Although the plot of this sequel revolves around Mrs. Lirriper's travelling to Sens in France to learn the identity of an Englishman who died there, leaving her a legacy, Joshua Lirriper, her deceased husband's much younger brother, something an alcoholic and wastrel, affords much comic relief as Mrs. Lirriper's rambling, unpunctuated dialectal narrative (anticipating that of James Joyce's Molly Bloom in Ulysses) communicates her warm-hearted, philanthropic nature. Although the composition of the theatrical scene is complicated, the reader of the American Household Edition, having already encountered the comic scene in the text on the previous page, would have recognised it easily since its positioning makes it subject to an "analeptic" reading — that is, the reader, having experienced the textual material beforehand has a grasp of the characters and the circumstances. Whereas Dickens has Mrs. Lirriper recount the arrest as a first-person retrospective, Abbey makes the action dramatic; however, he maintains the focus on Mrs. Lirriper's judgement about the situation by placing her (with disconcerted expression) at the centre of the somewhat theatrical composition.

Commonly in Abbey's illustrations there are just three subjects, permitting the artist to establish a context through including some background details. Here, however, the caption and Joshua's posture establish the context by referring the reader back to the textual passage on the previous page. The composition is rather crowded, but Abbey has individualised each of the six figures through their poses, costumes, and expressions. Mrs. Lirriper and her brother-in-law are centre, Joshua clearly identified by his histrionic pose. The short and tall bailiffs, with similar hats and neanderthal faces, watch from the left; Major Jackman, incensed at Joshua's conduct, has his back towards the viewer, just having kicked his own hast, which served as an element of Joshua's disguise (an inept attempt to escape the bailiffs) and now lies on the floor. The remaining figure (far right) is Mrs. Lirriper's "girl," that is, her downstairs maid, who customarily answers the door and in this instance has just admitted Joshua and his pursuers. The setting could as easily be a corridor as in Major Jackman's apartments, for Abbey has provided no contextual clues such as draperies, furnishings, or pictures to establish that we are in the parlour. Abbey pleasantly varies the disposition of the figures by having the put-upon Joshua look up to Heaven and by grouping the three figures to the left (as one would expect, the special constables stick close to the subject of their warrant), while bringing Jackman forward and having him face the ladies, upstage (so to speak) in this micro-drama. With her obvious look of discomfort, emphasized by her gripping of her hands and wide-eyed anxiety engendered by Jackman's response and Joshua's hyperbolic utterances, as well as by the presence of bailiffs in the house, Mrs. Lirriper is one of two focal characters; the other is the hyper-emotional Joshua, distinguished by a flowered waistcoat of the type Dickens himself favoured, and the type of checked trousers in fashion in the 1860s, although almost identical to Bob Cratchit's in Abbey's Christmas Carol illustrations "Went down a slide on Cornhill twenty times in honor of its being Christmas-Eve" (p. 14) and "'Mr. Scrooge!' said Bob; 'I'll give you Mr. Scrooge, the founder of the feast!" (p. 28).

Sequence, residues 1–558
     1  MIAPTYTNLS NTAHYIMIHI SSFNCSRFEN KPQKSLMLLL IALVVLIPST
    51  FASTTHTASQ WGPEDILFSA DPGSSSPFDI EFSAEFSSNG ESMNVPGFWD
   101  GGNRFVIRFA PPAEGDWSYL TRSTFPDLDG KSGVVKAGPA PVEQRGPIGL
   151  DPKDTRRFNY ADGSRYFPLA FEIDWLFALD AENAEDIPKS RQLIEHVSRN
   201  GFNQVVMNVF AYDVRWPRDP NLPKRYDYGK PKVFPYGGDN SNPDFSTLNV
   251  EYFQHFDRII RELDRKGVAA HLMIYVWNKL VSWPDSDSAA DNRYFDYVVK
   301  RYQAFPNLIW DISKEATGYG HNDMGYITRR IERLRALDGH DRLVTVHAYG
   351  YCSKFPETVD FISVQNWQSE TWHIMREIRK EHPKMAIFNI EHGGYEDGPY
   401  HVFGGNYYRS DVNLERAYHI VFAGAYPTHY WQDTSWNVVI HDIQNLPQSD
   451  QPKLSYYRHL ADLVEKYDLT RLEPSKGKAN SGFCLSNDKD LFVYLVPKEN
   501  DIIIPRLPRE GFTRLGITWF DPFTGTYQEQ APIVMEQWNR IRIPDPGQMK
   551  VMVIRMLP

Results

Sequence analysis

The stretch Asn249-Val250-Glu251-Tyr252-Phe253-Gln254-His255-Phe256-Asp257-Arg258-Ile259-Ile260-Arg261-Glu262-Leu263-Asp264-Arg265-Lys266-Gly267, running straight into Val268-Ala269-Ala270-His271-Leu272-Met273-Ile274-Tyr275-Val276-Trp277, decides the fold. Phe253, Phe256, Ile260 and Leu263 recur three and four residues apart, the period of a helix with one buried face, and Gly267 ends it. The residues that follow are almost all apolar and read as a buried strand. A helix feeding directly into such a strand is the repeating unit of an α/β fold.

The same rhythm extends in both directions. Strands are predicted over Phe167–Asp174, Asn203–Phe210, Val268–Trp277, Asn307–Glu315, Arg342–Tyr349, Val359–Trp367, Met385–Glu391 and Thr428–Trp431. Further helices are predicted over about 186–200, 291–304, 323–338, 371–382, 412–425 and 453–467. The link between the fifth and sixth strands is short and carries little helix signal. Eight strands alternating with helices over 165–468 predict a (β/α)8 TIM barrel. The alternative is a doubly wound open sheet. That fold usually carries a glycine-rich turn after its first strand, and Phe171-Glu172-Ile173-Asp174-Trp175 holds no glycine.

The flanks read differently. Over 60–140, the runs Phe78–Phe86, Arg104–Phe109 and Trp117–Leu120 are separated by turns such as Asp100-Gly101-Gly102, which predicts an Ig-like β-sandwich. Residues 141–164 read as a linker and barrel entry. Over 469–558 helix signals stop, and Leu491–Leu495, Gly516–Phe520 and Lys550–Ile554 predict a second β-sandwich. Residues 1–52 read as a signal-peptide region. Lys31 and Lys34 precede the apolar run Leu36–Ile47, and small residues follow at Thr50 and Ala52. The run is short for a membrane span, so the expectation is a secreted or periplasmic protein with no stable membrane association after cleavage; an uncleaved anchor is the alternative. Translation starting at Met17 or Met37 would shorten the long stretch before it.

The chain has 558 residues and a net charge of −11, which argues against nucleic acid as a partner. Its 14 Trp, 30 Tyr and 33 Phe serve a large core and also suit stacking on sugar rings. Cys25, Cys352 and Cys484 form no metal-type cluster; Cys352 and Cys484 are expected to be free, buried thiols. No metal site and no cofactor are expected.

Scanned image and text by Philip V. Allingham. Formatting, color correction, and linking by George P. Landow. [You may use these images without prior permission for any scholarly or educational purpose as long as you (1) credit the photographer and (2) link your document to this URL in a web document or cite the Victorian Web in a print one.]

References

Davis, Paul. Charles Dickens A to Z: The Essential Reference to His Life and Work. New York: Facts On File, 1998.

Dickens, Charles. Christmas Books. Il. Fred Barnard. The Household Edition. London: Chapman and Hall, 1878.

Dickens, Charles. Christmas Stories. Il. E. A. Abbey. The Household Edition. New York: Harper and Brothers, 1876.

Kitton, Frederic G. Dickens and His Illustrators. 1899. Rpt. Honolulu: U. Press of the Pacific, 2004.

Thomas, Deborah A. Dickens and The Short Story. Philadelphia: U. Pennsylvania Press, 1982.


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Last modified 7 December 2012